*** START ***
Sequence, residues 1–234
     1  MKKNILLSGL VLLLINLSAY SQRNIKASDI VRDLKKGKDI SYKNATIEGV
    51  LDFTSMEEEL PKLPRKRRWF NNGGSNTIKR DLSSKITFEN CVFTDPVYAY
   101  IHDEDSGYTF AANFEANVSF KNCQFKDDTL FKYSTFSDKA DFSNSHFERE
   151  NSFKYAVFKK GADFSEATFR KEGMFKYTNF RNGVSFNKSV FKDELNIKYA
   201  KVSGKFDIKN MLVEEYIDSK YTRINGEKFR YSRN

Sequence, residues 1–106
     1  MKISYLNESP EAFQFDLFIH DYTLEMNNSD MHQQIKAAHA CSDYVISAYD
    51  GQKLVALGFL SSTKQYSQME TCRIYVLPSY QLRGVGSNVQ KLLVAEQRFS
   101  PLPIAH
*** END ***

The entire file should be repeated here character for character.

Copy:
Sequence, residues 1–234
     1  MKKNILLSGL VLLLINLSAY SQRNIKASDI VRDLKKGKDI SYKNATIEGV
    51  LDFTSMEEEL PKLPRKRRWF NNGGSNTIKR DLSSKITFEN CVFTDPVYAY
   101  IHDEDSGYTF AANFEANVSF KNCQFKDDTL FKYSTFSDKA DFSNSHFERE
   151  NSFKYAVFKK GADFSEATFR KEGMFKYTNF RNGVSFNKSV FKDELNIKYA
   201  KVSGKFDIKN MLVEEYIDSK YTRINGEKFR YSRN

Sequence, residues 1–106
     1  MKISYLNESP EAFQFDLFIH DYTLEMNNSD MHQQIKAAHA CSDYVISAYD
    51  GQKLVALGFL SSTKQYSQME TCRIYVLPSY QLRGVGSNVQ KLLVAEQRFS
   101  PLPIAH